The steady returns our investment products provide -- and the relative liquidity of these returns over the short term -- continues to be a useful alternative to public investment products, especially in turbulent market conditions such as those resulting from the COVID-19 pandemic. As we wrote in Our Perspective on Market Volatility in February, we continue to believe that investors holding private market loans backed by residential real estate at low leverage have a competitive advantage in weathering the COVID-19 storm and potential for continued repricing of public and private market assets.
Over six years ago, Groundfloor was founded to enable everyday Americans to invest in high-yield securities previously reserved for the top 5% of wealth holders and income earners. As Groundfloor continues to expand its loan origination capabilities, the extent to which our investors can diversify their portfolios has reached levels that are unprecedented in the real estate investment space. In line with our mission, we will continue to empower our investors to develop and execute their own investment strategies. Whether and how you take full advantage of this degree of freedom is up to you.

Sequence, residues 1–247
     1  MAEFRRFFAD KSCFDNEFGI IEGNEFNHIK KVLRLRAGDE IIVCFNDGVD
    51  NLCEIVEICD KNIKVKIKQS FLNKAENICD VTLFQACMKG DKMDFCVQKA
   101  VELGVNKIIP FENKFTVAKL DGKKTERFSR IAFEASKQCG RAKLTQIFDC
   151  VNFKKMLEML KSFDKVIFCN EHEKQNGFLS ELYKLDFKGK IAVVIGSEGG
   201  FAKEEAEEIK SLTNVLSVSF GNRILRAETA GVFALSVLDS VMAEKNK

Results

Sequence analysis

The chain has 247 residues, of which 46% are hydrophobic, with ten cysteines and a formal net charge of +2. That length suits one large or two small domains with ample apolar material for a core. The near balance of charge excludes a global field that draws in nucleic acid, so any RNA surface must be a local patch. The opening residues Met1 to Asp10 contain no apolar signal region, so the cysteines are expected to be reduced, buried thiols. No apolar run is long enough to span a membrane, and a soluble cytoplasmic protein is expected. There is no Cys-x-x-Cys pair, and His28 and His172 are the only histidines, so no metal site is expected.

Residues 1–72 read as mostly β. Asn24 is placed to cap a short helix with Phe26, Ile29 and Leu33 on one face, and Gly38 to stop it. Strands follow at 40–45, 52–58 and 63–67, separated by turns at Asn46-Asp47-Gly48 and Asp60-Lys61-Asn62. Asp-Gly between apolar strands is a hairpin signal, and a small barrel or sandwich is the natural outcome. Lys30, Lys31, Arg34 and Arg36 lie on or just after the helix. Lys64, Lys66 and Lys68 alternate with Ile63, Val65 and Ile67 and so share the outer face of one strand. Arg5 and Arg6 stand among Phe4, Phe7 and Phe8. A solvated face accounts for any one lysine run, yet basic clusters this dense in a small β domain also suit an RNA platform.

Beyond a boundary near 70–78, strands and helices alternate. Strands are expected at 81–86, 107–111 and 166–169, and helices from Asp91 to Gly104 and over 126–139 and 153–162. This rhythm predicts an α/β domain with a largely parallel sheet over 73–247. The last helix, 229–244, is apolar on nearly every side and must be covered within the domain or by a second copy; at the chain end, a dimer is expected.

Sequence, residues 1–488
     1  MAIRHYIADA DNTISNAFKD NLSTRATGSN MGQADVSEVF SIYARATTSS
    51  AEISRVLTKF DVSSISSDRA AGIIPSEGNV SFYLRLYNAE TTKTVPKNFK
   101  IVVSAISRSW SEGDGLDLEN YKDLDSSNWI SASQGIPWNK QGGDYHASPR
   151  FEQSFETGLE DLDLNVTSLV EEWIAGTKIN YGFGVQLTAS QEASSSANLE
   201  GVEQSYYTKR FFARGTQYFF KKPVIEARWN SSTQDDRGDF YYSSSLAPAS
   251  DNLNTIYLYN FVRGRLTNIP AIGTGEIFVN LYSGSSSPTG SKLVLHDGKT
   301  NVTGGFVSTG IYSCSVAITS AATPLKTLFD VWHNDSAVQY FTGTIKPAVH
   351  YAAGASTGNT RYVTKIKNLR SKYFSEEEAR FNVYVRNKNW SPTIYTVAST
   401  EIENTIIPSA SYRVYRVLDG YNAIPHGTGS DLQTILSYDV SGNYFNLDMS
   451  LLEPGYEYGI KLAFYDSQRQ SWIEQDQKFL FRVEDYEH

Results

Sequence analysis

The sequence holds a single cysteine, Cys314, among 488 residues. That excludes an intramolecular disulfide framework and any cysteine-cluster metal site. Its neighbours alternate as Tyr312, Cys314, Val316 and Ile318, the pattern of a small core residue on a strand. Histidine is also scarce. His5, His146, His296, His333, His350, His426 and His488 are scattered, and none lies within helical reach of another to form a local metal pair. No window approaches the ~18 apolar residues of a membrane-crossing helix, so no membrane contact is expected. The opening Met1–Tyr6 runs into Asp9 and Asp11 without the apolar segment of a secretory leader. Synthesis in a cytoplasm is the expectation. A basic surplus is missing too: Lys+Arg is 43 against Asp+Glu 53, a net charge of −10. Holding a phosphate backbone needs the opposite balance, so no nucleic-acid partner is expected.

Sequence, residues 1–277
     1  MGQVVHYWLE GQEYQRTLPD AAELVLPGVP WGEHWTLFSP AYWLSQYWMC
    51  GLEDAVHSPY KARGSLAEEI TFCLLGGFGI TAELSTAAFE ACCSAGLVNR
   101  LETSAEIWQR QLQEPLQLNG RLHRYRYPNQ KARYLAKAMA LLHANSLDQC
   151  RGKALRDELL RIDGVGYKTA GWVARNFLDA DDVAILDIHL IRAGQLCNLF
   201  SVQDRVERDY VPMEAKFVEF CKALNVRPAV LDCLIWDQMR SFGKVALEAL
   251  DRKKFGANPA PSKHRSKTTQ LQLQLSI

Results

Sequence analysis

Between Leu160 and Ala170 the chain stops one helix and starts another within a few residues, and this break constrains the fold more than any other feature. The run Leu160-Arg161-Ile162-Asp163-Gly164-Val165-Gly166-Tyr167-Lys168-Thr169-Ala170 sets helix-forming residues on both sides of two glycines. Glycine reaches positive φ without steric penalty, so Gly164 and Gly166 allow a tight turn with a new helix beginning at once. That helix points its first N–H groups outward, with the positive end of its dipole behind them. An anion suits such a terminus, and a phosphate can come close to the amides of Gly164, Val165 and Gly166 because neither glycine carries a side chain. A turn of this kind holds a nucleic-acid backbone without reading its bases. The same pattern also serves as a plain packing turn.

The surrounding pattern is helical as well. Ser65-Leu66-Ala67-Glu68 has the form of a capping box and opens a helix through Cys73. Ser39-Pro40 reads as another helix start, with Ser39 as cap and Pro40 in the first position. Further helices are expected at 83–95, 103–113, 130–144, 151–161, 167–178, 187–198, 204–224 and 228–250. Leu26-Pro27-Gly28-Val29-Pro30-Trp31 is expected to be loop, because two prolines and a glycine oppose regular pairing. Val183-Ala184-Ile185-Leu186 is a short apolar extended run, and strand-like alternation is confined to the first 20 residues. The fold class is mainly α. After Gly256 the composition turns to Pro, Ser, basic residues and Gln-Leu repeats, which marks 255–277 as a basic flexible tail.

We share this kind of information to help support our investors’ success. If you have any questions or comments about this report, do not hesitate to reach out to us. You can comment below or send an email to firstname.lastname@example.org. We always appreciate hearing from you.